Also, earlier this month I made one lousy post about Quizno's ads, and suddenly "Quizno's" is the number one search term for bigfool.com this month. For all those who came here seeking an explanation and didn't get enough of one, there's now a Slate Ad Report Card column on these ads. Evidently those creatures are "spongmonkeys."
Anybody who says that, with his invasion of Iraq, "Bush arguably has committed the greatest strategic blunder in modern memory", deserves a link. Never did I imagine that it would be Ronald Reagan's Secretary of the Navy, James Webb to whom I would be linking! He also has some choice things to say about George Junior's Guard duty, a topic near and dear to my own heart. So, will you pro-war folks prefer freedom-fries with your crow, or a nice Chardonnay?
Yes, folks, New Mexico is part of the USA, and now they're getting into the gay marriage business too. (Via Atrios.)
I want to see the first gay couple married while aloft during the balloon fiesta. Or a mass gay wedding at the Hatch Green Chile Festival. That would be cool.
Via Atrios, Katha Pollitt has a great piece on the activities of feminist organizations, and how jackasses like Nicholas Kristof conveniently ignore it when writing bitchy columns. The whole "Why aren't my ideological opponents complaining about this issue, those hypocrites?" thing is really tiresome, especially when those people actually ARE trying to do something about this problem, and you were either too lazy to figure that out or just chose to act otherwise.
Morford on this week in San Francisco. Fiore has a good take as well. Also, send congratulatory flowers to a random couple waiting in line to get married. My wife and I discussed this last night, and she said the right thing to do would be to get the flowers from a gay-owned flower shop. I said, "Do you think there are any gay florists in San Francisco? I dunno...."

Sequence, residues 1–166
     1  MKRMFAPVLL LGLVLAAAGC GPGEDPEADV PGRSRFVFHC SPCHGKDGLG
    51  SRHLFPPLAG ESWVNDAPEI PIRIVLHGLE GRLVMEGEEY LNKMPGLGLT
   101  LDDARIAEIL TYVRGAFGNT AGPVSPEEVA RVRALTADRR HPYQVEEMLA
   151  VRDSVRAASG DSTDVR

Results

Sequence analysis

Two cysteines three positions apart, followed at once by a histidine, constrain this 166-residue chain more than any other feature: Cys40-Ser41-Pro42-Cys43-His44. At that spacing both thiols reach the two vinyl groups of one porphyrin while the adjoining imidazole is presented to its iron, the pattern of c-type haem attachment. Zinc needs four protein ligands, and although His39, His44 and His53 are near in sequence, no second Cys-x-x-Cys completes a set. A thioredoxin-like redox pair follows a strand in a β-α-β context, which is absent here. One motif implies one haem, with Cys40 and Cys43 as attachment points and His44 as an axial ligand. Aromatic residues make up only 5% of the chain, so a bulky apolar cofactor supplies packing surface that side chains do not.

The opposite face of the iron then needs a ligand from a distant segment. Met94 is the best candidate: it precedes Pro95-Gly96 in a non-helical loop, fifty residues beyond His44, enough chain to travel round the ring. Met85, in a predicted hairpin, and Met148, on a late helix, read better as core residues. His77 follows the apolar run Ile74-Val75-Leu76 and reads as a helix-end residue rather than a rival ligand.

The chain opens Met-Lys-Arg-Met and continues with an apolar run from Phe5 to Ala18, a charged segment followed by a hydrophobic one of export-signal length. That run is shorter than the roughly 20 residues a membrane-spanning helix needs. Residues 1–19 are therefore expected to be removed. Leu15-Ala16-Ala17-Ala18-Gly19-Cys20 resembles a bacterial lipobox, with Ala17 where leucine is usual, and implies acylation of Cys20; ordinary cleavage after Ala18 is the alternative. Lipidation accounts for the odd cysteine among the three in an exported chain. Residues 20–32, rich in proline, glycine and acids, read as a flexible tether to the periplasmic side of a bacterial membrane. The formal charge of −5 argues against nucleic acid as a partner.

Digby has a superb post on why the war in Iraq is a massive strategic blunder, regardless of whether Saddam-out-of-power is an undeniably good thing.
Finally, where can you see tigers? Only in Kenya!
A year or so ago I criticized a piece of his in which he said increases in federal fuel efficiency standards for cars and trucks were unnecessary, in part because 150 years ago you had horses pooping in the streets, and at least that isn't a problem anymore. Now he rationalizes off-shoring of American jobs by pointing out that we don't have blacksmiths and buggy makers anymore, and nobody seems to miss them. I'm surprised he didn't include street-horse-poop shovellers in there, too.
Yeah, Hastert said "An economy suffers when jobs disappear," but extrapolating that to mean "ANY time ANY job goes away, it's a national tragedy," is yet another exercise in intellectual dishonesty.
In November, Indiana Gov. Joseph Kernan canceled a $15 million contract with a firm in India to process state unemployment claims. The contract was given to a U.S. firm that will charge $23 million. Because of this 53 percent price increase, there will be 8 million fewer state dollars for schools, hospitals, law enforcement, etc. And the benefit to Indiana is . . . what?
Um, some people in Indiana HAVE JOBS?!? And that $8M fewer state dollars is a freakin' drop in the bucket.
Shorter George Will: Anything major corporations want to do is A-OK by me.
The Phanatic's head is safe. The doofus who stole it tried to claim the rewards offered for its return, but holes in his story led to his confession.
I say, we send him to Detroit and make him go to Tigers games all year.
Traded to the Senators. Now I'll have another team to root for, after the Flyers inevitably lose in the first round of the playoffs.
"Rebuilding" is not a pleasant experience for the fans. Presumably, in the long term the Caps will be better as a result, but seeing all the best players traded away is just a bummer. I prefer "Juggernaut," which was experienced by Chicago Bulls fans during the Jordan Years, and I've only felt with DC United in 1997--from the first day of the season, they were far and away the best team in the league, and it was largely inevitable that they'd win the championship. That is all kinds of rare, and if you experience it as a fan, be sure to enjoy it while it lasts.
...as promised, following his loss in Wisconsin. No endorsement of Kerry or Edwards--he's probably waiting for VP discussions. But he did encourage his supporters to work to defeat Bush in November, and that's important. If Deanies support Kerry and/or Edwards through the end of the year with half the fervor that went into Dean's campaign, we'll have little trouble.